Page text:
“They’re convenient, small, portable and inexpensive, but you don’t use consumer items for life and death,” said Dr. Arthur Combs, chief medical officer at flexible electronics company MC10 (Lexington, Mass.).
Apple is reportedly developing glucose monitoring for the next generation of its Apple Watch. Said Combs: “I’ll believe it when I see it.” (Hear more from Combs about Medtech 3.0 at DeviceTalks Boston on Oct. 2.)
Wearables, however, are becoming more prominent in the regulated world of medical devices, pushing the envelope for monitoring different conditions. MC10, for example, has created wearable patches for cardiac monitoring and ECG recording. It has partnered with the company L’Oreal to create the first-ever stretchable skin sensor that monitors UVA and UVB exposure. The patch attaches to the skin and changes color based on how long the user has been in the sun. The technology inside of the patch can be scanned on a smartphone to tell the user how long they’ve been in the sun and if it is time to reapply sunscreen.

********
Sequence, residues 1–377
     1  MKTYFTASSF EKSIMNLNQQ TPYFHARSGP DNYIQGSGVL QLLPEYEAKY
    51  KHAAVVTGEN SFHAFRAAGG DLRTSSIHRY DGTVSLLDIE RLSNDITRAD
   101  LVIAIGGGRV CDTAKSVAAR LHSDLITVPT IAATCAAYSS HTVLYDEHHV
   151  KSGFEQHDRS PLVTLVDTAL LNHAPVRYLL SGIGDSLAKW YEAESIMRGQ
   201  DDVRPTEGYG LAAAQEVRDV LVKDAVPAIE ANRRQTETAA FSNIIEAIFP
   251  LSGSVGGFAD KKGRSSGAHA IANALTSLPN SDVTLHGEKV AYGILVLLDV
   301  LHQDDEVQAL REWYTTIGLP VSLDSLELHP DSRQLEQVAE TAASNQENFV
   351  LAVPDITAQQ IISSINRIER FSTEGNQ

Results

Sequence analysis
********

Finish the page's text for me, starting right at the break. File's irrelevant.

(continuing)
The wearables industry is ever-changing. “The future of wearables has many different facets,” Combs said.
Combs, with his more than 20 years of medical device product development experience, suggests four ways that medical-grade wearables could transform healthcare in the future.